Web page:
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Asian & Pacific Islander Americans

Review: 'Oldboy'

Review: 'Oldboy'

March 8
By Beth Accomando

Back in 2005, South Korean director Park Chan-Wook was not well known in the U.S. But that changed when his film “Oldboy” hit American theaters. The film won the Grand Prize at the Cannes Film Festival and has celebrity fans such as Quentin Tarantino singing its praises. The film plays Saturday March 9 at Reading’s Town Square Cinemas as part of the Park Chan-Wook retrospective that I’m hosting.

Review: 'Lady Vengeance'

Review: 'Lady Vengeance'

March 8
By Beth Accomando

If the person who said “Hell hath no fury like a woman scorned” had met Geum-ja, he might have revised his sentiments and said “hell hath no fury like a woman seeking revenge.” Geum-ja is the main character in “Lady Vengeance,” (playing Sunday March 10 at Reading’s Town Square Cinemas as part of the Park Chan-wook Retrospective) and she’s hellbent for revenge in this concluding chapter of Park Chan-wook’s deliciously twisted South Korean Revenge Trilogy. If you thought Uma Thurman was on a roaring rampage of revenge in the Kill Bill films, then fasten your seatbelts for “Lady Vengeance.”

Marcela Zhou:  Face of the Young Undocumented

Marcela Zhou: Face of the Young Undocumented

March 6
By Monica Medina

Marcela Zhou, an engaging young woman, is a recent graduate from UCSD, who earned her B.S. in Human Biology in just three years. Soft spoken and polite, she smiles brightly when she thinks about all she has been able to achieve.

Rants And Raves: Drive-By Cinema

Rants And Raves: Drive-By Cinema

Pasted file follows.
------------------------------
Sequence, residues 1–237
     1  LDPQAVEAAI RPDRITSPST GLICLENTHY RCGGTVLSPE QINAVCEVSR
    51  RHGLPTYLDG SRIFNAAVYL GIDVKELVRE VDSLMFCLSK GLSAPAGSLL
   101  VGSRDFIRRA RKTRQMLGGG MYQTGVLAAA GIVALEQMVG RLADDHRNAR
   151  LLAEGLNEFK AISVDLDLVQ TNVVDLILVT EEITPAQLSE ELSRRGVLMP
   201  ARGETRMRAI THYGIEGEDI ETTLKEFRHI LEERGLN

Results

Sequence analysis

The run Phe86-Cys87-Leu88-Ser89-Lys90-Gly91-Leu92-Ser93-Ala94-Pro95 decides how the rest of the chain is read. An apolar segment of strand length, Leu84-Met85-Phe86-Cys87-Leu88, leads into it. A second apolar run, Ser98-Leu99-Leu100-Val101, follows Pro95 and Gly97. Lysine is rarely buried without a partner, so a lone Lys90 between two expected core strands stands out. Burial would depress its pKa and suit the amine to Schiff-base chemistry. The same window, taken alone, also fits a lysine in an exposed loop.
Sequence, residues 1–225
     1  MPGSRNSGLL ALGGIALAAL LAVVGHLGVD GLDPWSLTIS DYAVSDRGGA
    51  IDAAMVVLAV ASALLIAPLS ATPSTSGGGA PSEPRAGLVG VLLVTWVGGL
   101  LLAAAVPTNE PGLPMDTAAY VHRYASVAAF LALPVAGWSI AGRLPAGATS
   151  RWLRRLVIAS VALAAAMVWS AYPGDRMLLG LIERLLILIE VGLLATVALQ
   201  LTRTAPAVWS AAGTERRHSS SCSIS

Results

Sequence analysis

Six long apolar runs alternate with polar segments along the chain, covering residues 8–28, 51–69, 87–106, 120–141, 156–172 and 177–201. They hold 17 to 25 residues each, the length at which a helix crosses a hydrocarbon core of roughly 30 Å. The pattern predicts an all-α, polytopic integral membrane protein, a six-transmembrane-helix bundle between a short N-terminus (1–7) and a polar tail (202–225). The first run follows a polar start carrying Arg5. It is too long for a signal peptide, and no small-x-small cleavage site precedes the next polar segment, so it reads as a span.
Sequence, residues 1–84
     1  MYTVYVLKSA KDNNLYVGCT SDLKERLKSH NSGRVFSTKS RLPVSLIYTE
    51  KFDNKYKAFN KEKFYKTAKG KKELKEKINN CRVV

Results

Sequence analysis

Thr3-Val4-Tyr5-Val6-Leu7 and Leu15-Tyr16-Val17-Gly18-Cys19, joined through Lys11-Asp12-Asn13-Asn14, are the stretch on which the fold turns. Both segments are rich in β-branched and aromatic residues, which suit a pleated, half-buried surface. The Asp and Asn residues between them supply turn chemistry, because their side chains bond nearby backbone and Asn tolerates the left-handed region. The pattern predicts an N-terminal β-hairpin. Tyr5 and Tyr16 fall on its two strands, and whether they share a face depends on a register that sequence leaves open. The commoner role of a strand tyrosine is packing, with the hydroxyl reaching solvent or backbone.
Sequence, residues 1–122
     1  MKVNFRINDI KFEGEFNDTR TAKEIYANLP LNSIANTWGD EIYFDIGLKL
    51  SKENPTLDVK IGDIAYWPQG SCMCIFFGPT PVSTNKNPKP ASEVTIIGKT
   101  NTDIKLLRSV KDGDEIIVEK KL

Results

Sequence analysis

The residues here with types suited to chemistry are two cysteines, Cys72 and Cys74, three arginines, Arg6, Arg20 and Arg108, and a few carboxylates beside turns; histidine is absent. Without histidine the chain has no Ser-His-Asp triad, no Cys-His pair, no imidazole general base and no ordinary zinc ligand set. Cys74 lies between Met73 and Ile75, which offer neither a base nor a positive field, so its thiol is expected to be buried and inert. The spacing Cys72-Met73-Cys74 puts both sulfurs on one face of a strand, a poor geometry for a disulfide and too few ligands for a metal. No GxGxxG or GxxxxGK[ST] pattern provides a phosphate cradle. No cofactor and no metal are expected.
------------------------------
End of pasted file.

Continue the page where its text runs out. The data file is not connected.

Feb. 28
By Beth Accomando

The San Diego Asian Film Foundation recently rebranded itself as the Pacific Arts Movement. One of its experimental new projects is Drive By Cinema. Here's how they are bringing movies to the streets.

Tom K. Wong on Life as an Undocumented Youth

Tom K. Wong on Life as an Undocumented Youth

Jan. 9
By Monica Medina

Tom K. Wong is haunted by a childhood memory. It is of being awakened in the middle of the night by his mother, and being taken into the hallway, along with his older brother. There, she held them both tightly and sobbed while helicopters hovered overhead.

Review: The Studio Ghibli Collection

Review: The Studio Ghibli Collection

Jan. 3
By Beth Accomando

Landmark Theatres presents a two-week long retrospective of Japanese animation called The Studio Ghibli Collection, and it offers a great opportunity to see the works of master animator and storyteller Hayao Miyazaki on the big screen.

Rites of Passage—A Community Exhibit

Rites of Passage—A Community Exhibit

Nov. 28
By Monica Medina

Imagine if you were handed the keys to a museum and told you could plan an exhibit. What would it be? How would you fill it? And, how exciting to be faced with that challenge?

Photo Of 93-Year-Old WWII Veteran Voter Goes Viral

Photo Of 93-Year-Old WWII Veteran Voter Goes Viral

Oct. 22
By Beth Ford Roth

Frank Tanabe knows how important it is to vote. The 93-year-old fought for that right during World War II, and he wasn't going to let terminal cancer get in the way of casting his ballot. A photo of Tanaba voting by absentee ballot from his hospital bed has gone viral, perhaps inspiring others to exercise the right Tanabe fought for almost 70 years ago.